The banking royal commission has been in the news recently for all the wrong reasons. The findings have many people asking the question – who can I trust? As a result, people may be considering a self-managed superannuation fund (SMSF) where they can control what is happening to their important retirement nest-egg. Though running an SMSF is not a simple process and people need to determine if it is appropriate for them. We outline some important issues to consider.
An SMSF is run by you and the other trustees. As a result, you are responsible for selecting and managing the funds investments. You need to be confident in making appropriate investment decisions that are in the best interests of the fund. The trustees must remember that the SMSF and its assets must be used solely to provide benefits to the members for their retirement.
You will need to invest time in managing your investment portfolio. This does not mean you need to go it alone but ultimately you are responsible for the SMSF’s investment decisions.
Trustees are responsible for the administration of an SMSF and ensuring the fund is compliant with the relevant legislative requirements. Failure to meet these obligations could result in financial penalties. There is plenty of specialist support and advice to assist trustees in this area however the trustees have ultimate responsibility. Trustees can delegate duties, but not the responsibilities.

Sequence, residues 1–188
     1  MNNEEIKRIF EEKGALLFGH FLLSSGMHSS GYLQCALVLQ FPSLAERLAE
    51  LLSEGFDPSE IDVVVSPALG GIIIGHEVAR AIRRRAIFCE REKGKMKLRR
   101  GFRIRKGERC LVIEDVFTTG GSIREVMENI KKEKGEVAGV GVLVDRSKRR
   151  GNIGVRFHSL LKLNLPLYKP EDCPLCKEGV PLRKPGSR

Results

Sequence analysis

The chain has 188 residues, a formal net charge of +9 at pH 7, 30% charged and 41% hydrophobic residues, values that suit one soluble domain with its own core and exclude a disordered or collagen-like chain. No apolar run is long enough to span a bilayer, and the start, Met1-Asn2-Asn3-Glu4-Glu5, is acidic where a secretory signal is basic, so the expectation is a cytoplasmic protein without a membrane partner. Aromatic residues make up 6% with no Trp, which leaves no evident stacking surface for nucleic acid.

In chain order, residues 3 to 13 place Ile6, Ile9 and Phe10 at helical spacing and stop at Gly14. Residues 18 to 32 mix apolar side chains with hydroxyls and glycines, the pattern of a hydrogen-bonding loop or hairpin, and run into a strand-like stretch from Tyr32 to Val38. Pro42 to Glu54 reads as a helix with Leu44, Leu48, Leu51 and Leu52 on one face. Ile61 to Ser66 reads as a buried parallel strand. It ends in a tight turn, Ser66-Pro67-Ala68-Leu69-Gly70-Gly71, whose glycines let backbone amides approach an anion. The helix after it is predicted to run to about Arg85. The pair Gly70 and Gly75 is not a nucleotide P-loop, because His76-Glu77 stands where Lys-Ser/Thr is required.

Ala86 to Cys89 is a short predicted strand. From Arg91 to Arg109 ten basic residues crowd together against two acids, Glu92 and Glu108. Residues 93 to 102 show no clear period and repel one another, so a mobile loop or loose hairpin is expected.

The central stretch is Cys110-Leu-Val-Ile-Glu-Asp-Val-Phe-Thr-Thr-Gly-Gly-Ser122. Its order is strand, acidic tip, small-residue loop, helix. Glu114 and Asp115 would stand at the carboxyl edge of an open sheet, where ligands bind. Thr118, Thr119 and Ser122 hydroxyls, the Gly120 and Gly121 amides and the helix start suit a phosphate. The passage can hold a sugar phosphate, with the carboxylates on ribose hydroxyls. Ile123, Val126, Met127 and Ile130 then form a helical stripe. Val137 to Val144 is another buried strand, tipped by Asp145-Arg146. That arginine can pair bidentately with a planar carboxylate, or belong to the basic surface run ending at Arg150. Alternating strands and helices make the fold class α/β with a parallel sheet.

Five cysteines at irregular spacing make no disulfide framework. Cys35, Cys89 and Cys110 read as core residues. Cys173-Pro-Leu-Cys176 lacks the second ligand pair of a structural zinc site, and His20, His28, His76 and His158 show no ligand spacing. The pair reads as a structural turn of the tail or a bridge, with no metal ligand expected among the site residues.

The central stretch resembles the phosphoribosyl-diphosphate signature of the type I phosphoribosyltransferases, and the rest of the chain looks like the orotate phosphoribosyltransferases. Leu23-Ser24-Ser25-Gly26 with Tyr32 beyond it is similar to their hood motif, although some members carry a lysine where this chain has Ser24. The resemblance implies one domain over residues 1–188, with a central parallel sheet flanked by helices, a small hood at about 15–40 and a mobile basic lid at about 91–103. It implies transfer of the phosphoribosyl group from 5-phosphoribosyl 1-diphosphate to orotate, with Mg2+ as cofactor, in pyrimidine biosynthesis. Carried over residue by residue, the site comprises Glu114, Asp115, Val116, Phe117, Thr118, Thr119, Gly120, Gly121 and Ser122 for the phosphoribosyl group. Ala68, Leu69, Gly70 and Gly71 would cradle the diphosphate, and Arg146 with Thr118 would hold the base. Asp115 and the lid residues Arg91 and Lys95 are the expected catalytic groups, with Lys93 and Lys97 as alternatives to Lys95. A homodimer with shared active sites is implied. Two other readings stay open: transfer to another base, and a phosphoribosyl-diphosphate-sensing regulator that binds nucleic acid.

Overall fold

You may be asking what the minimum balance requirement is for an SMSF. There is no simple answer and ultimately it depends on everyone’s unique situation. There is no shortage of literature and opinions about this topic but ultimately there is no simple answer. What is important to consider is what are the reasons for setting up the SMSF in the first place? For some people, minimum balance will be important and for others it may be more important to access certain investments.
You need to consider what it is going to cost to establish your SMSF and then the ongoing costs associated with running your SMSF. Typical ongoing costs include preparation of financial statements and tax return, audit, ATO fees and investment fees. These costs should be compared against the costs of your current superannuation fund
If you set up an SMSF, will the SMSF outperform your current superannuation fund? You should consider the return on your assets (income and capital) and then deduct any costs associated with running your SMSF.
Everyone’s situation is unique. When deciding if an SMSF is appropriate for you, we recommend you consult an Accru advisor. Contact your local office and see how Accru can help you plan your future.